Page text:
“…nor will any be missing…”  Is this not the heart of God?  Is the heart of God that we have correct doctrine, that we “win,” the argument, or that none of His sheep will be missing?  I know I work awfully hard to make sure I have correct doctrine, that I understand the Word of God, and that I am obedient to Him in many things.  But do I share His heart for His missing sheep?  What have I done today to seek out His missing sheep and to bring them into the fold, where they will “no longer be afraid or terrified.”  This questions causes all controversies to fade.


But there is more in today’s readings.  In the Psalms appointed for today, there is this:


“…For the LORD is a great God, the great King above all gods.  In His hand are the depths of the earth, … The sea is His, for He made it, and His hands formed the dry land.  Come, let us bow down in worship, let us kneel before the LORD our Maker; for He is our God, and we are the people of His pasture, and the flock under His care.”  Psalm 95:3-7


And again:


“But you, O LORD, sit enthroned forever, your renown endures through all generations … Let this be written for a future generation, that a people not yet created may praise the LORD…In the beginning You laid the foundations of the earth, and the heavens are the work of Your hands.  They will perish, but You will remain …But You remain the same, and your years will never end.”  Psalm 102: 12, 18, 25-26\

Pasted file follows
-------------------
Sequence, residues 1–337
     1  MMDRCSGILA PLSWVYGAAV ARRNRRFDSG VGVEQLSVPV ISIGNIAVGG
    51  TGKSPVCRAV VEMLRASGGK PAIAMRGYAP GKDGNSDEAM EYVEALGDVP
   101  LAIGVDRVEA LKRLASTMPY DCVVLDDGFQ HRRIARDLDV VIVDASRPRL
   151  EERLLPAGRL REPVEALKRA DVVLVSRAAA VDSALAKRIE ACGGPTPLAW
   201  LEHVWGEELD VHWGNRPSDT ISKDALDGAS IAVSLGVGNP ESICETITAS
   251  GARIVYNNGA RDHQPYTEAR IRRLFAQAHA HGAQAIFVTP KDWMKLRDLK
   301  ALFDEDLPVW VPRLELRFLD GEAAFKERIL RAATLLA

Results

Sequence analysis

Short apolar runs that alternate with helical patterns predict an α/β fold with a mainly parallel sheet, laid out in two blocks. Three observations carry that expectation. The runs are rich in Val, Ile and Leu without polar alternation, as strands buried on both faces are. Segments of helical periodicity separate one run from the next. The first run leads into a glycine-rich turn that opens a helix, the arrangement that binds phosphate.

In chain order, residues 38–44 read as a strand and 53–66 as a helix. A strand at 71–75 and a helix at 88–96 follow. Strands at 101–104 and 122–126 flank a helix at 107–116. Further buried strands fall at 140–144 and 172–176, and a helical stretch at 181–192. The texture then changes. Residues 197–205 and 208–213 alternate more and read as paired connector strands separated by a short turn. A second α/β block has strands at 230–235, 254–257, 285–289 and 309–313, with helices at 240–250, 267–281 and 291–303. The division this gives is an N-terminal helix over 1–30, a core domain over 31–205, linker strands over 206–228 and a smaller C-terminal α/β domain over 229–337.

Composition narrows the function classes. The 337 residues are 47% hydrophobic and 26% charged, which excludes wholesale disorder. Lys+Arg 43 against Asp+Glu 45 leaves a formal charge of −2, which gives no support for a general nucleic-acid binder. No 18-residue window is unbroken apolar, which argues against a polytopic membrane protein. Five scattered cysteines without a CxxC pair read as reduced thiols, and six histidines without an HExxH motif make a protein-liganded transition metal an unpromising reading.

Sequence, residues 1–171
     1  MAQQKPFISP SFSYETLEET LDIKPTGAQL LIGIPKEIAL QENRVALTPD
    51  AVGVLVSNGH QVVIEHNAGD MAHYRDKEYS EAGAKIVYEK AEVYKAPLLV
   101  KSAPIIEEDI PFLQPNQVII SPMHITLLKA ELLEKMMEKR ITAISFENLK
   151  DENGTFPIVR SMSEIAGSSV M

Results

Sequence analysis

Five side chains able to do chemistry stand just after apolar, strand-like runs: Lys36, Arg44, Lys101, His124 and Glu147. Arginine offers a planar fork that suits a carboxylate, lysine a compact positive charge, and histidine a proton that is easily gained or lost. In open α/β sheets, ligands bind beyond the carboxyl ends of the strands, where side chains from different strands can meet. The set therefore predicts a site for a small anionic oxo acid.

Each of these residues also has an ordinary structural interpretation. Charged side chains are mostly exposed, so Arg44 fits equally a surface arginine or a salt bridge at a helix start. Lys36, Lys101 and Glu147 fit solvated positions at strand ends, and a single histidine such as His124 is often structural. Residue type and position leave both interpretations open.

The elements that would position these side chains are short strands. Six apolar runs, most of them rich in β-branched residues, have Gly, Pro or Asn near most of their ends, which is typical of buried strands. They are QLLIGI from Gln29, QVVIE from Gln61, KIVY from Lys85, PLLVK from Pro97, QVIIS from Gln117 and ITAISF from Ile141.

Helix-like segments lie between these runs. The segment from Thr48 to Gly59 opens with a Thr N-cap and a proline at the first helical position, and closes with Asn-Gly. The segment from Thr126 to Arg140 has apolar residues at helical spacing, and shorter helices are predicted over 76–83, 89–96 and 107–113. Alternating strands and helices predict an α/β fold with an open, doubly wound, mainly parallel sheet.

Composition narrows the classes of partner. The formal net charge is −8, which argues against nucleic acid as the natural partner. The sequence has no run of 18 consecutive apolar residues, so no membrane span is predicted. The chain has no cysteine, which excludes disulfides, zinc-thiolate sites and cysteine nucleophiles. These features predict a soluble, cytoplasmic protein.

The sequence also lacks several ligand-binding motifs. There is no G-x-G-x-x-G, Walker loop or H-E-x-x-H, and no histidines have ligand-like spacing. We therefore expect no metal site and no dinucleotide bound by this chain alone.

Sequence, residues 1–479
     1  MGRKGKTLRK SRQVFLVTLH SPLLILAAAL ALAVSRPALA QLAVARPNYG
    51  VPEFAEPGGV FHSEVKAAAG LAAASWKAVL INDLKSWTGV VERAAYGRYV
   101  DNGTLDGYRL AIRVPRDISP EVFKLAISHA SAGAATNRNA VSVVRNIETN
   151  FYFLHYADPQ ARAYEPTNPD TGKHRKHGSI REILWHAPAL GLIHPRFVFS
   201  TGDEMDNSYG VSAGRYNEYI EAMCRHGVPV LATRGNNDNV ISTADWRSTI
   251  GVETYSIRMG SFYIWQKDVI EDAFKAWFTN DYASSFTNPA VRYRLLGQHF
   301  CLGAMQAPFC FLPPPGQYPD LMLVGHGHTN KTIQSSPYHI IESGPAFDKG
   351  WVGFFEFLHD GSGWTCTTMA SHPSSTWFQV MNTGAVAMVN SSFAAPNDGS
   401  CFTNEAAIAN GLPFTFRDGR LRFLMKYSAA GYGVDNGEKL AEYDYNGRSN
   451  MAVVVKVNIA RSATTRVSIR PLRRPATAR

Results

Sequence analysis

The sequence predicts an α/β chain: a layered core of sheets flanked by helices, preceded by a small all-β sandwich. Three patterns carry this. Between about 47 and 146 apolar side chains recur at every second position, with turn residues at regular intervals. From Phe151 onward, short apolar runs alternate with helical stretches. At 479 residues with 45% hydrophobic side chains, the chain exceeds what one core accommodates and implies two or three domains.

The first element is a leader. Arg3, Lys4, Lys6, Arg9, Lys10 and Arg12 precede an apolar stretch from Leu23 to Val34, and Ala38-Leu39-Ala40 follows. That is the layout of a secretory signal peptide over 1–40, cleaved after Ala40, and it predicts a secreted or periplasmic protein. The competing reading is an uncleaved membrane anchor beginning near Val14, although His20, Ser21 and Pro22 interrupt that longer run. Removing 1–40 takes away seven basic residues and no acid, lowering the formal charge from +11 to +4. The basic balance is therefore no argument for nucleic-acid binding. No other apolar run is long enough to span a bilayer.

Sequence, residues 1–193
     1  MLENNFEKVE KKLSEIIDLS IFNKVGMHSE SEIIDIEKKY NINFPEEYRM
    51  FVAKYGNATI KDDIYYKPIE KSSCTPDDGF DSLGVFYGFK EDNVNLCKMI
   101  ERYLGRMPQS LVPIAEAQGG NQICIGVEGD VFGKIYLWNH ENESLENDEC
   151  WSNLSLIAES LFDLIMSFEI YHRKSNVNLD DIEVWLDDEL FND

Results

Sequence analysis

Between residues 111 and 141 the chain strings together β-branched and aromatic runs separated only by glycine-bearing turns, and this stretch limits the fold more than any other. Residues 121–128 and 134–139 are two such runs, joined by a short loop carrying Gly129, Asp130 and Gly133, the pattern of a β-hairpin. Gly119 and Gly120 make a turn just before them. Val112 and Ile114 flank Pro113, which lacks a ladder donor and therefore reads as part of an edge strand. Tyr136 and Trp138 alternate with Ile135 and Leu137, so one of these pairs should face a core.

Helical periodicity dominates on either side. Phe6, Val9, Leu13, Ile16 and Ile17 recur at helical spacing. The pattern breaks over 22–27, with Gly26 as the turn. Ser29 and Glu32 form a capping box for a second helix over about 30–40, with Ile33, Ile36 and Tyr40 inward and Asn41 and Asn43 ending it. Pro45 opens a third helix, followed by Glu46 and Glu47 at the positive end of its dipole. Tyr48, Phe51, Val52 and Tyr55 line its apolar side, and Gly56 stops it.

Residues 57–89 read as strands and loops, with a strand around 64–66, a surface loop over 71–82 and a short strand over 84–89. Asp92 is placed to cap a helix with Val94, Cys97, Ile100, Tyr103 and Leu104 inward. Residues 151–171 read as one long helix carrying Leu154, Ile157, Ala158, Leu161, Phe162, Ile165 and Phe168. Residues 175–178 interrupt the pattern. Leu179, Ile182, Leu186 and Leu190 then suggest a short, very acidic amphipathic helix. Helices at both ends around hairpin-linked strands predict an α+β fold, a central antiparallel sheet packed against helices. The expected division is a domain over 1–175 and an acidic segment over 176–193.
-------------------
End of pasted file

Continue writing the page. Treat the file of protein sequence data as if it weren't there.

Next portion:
And again:


“Give thanks to the LORD, for He is good, His love endures forever … Let them exalt Him in the assembly of the people and praise Him in the council of the elders.”  Psalm 107: 1, 32


What is to be gathered from these readings in Psalms except that God is sovereign; He is King?  What is to be gathered from these readings except that He is to be worshiped, bowed to and knelt before, exalted in all places?


Let’s see, my job is worshipping the Creator and Savior, God and King, finding His lost sheep, and bringing them into sanctuary where they are safe.  I suspect if I were really doing these things, my time to worry about the “right” position in these various controversies would be greatly diminished.  Besides, if I were sovereign and knew the solution to all controversies, why would I need God and why would I need faith in Him?  Hmm…seems like Satan asked my forefather and foremother that question a long time ago and no good came out it.  Maybe I need to focus on my job.


Could I make a perhaps unwelcome suggestion — Maybe you do too.



Lord, help us to love your Word, incarnate in Jesus Christ and written in Scripture.  Help us Lord to come to you and to bring others to you.  Help us know that you are God and we are not.  Help us Lord to recognize Your timing and to accept it.  Assist us Lord through the indwelling of the Holy Spirit to be both willing and obedient servants.  It is only through the merits of your Son Jesus Christ that we are empowered to even make this prayer.  And so we thank you and praise you!  Amen.





2 Responses to “Bread – Controversies”

  1. matt Says:

    This blog’s great!! Thanks :).

  2. Kathy Kremer Says:

    Our controversies may be a sign that we are the true children of Abraham. It is said that if you have two Jews in a room, there will be three opinions. (grin) Or it may well be that it is part of our fallen nature that we have opinions which we will hold until the end even if they aren’t all that critical. I don’t remember who was the philosopher who said it, but it’s a saying I like very much: “In essentials, unity; in nonessentials, liberty; in all things, charity.” The trick is to decide which category the belief fits into.